In my 30 years involved with Dungeons & Dragons, Spelljammer, Shadowrun, and a few other tabletop roleplaying games, I have been both a player and a Game Master (Dungeon Master) on numerous campaigns, one-shot spin-off sessions of longer campaigns and adventures that lasted only two or three sessions. After moving and taking almost a year off, I found myself missing the storytelling and friends I had made over the years. As this yearning to return grew, I found several YouTube channels focused on the Tabletop RPGs that I grew up loving and quickly started watching them daily. As I listened to live game plays and discussions by such people as Esper the Bard, DawnforgedCast, Fistful of Dice, Tabletop Terrors, and BeABetterGamemaster, I remembered the 30 years of good times and the awesome stories I had helped tell, including a campaign that I ran several times with no single group lasting long enough together to complete it. Continue reading
This is the second post in a guest series on One-Shot RPG adventures. This week’s post comes to you from Justin Helmer. Let’s go! – jw
I guess I’ll start with a little background. The first time I had ever played was in 1978 (I know to some of you that was before time began!), my 1st game was a one-shot adventure and I was hooked. Anyway, I digress. Personally, I don’t run a lot of one shots. Most of my games feature very long, very dark storylines. So my setup can take months to even a year or more. Lately I’ve run a few one shots (Thinking they may require less setup, less writing, less fuss); I was wrong in some ways and correct in others. Continue reading
This is the first post in a guest series on One-Shot RPG adventures. This week’s post comes to you from Ian F. White. Ian can be found online at his site. Without further ado, I turn you over to him! – jw
In my time as both a Player and a GM, I have probably spent the same amount of game time in one-shots as in campaigns; until fairly recently campaigns had outnumbered one-shots.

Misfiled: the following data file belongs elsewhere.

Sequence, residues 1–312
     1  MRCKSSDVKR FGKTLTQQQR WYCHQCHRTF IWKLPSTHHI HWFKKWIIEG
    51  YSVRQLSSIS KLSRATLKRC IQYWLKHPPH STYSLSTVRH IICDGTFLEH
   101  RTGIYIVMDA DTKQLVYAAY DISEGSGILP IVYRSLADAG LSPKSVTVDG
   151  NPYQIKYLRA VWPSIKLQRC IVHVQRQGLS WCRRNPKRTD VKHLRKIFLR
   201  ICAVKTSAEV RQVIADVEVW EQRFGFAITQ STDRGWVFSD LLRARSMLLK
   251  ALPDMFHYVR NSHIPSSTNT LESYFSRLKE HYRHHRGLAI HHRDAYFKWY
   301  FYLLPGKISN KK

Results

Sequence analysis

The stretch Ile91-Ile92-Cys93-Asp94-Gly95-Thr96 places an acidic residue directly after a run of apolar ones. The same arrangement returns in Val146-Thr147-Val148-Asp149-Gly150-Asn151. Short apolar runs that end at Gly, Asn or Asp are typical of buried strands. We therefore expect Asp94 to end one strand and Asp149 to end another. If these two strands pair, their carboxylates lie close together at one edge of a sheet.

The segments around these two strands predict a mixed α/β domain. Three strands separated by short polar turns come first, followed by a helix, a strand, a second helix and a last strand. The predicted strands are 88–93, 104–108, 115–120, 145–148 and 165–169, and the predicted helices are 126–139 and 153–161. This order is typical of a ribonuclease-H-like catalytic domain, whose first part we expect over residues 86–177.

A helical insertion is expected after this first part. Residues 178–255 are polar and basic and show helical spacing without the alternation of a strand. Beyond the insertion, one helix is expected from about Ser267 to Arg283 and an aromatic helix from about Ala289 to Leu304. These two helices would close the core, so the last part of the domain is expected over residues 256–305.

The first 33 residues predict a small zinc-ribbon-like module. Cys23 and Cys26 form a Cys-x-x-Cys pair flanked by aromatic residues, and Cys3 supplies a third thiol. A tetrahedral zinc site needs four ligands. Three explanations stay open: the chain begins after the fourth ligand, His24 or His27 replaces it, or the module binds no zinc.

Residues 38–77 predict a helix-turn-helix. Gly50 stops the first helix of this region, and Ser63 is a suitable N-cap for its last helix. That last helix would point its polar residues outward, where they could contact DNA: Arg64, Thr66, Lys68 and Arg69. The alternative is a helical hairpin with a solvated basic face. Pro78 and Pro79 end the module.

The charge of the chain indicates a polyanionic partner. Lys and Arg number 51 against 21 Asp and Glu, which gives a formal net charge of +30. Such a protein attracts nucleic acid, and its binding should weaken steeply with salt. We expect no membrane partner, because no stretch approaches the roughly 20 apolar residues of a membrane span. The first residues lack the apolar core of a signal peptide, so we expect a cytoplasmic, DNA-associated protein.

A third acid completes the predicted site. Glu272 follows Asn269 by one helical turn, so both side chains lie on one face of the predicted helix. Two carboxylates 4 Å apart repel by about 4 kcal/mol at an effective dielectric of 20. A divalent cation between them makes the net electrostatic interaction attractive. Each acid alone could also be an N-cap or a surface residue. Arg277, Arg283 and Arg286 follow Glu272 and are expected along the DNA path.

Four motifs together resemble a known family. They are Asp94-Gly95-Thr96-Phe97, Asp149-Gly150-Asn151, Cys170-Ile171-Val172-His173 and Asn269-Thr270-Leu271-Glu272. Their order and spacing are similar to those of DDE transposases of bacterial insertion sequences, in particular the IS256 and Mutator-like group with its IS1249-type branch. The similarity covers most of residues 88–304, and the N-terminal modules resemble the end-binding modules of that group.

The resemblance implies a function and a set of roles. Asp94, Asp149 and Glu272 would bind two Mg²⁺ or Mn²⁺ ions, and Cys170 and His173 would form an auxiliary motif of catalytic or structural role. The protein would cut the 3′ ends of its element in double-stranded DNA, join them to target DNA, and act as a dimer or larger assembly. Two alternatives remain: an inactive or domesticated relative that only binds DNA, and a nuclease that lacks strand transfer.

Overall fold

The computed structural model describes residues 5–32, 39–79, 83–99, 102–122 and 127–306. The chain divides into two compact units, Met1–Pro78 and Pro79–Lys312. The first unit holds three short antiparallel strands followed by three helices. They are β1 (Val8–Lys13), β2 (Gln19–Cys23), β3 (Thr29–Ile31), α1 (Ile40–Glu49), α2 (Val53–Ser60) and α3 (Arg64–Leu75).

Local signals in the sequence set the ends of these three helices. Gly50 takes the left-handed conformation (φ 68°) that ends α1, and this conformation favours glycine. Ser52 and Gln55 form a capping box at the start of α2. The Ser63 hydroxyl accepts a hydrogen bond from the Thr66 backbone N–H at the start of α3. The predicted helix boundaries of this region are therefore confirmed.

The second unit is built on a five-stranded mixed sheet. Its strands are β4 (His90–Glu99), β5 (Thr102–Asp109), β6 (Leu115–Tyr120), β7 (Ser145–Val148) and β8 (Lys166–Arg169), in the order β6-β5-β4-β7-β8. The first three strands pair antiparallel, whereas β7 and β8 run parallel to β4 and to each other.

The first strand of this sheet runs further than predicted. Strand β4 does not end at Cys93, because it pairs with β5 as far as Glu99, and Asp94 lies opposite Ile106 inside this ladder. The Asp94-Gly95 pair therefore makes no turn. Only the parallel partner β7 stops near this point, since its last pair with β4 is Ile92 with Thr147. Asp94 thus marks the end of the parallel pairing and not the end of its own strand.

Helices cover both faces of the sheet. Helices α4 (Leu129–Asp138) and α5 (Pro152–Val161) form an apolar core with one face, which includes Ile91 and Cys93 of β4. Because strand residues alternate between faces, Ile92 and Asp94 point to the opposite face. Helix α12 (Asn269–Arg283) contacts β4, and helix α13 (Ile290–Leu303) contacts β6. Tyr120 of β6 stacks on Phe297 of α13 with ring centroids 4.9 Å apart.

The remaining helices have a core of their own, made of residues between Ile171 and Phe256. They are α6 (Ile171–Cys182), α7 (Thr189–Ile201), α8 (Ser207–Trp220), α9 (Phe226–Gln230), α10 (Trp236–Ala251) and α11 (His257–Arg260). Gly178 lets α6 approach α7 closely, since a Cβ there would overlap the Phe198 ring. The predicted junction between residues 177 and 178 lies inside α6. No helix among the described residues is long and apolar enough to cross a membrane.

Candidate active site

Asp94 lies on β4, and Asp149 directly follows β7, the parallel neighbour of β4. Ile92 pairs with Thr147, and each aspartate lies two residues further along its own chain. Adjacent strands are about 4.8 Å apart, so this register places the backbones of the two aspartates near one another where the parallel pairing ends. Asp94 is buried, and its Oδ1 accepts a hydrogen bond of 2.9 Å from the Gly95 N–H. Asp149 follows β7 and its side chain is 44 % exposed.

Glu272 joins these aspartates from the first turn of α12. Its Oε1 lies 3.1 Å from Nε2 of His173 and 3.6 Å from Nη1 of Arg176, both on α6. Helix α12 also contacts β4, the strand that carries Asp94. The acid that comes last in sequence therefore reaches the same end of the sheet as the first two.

I joined the Facebook group “Tabletop RPG One Shot Group” about a year ago and have – I hope – improved my preparation and presentation of my one-shot skill-set since then. The reason for me concentrating on One-shots are varied but in the main concern availability for regular campaigns and also the fact that I can try out so many different RPG systems, Players (and GMs).
However, in this article, I am simply concerned with sharing with you a little advice – including an overview my process for planning a one-shot scenario. Continue reading
An unexpected side benefit of sending off Valour to a publisher for evaluation, is that I got a chance to turn my focus to a project I’ve had cooking for a while but has been stalled (much to the chagrin of my collaborators) while I worked to push my board game across the finish line.
That project is Short Story RPG. I love tabletop role playing — it’s such a dynamic medium for human-to-human interaction, and a few dice and a little bit of imagination, you and your friends can spin a tale to rival many mainstream movies. Some of my fondest memories involve sessions of Dungeons & Dragons or Call of Cthulhu.
But those games have a problem. Two, actually: Firstly, while I understand that nerdy genres like high fantasy and sci-fi are gaining ground in public opinion, let’s face it… they’ve still got a long way to go. Ask a person on the street what they think of Dungeons & Dragons, and you might as well have said Dungeons & Dorks. Secondly, even those of us who are into such things have an entirely other problem: Scheduling. An ongoing tabletop RPG campaign requires coordinating the calendars of five or six people with jobs, other hobbies, possibly kids, etc. etc. etc. We’ve all been there, the group misses a session, then by the next session, half is spent catching everyone up on what was happening, then your mage has to leave early… Continue reading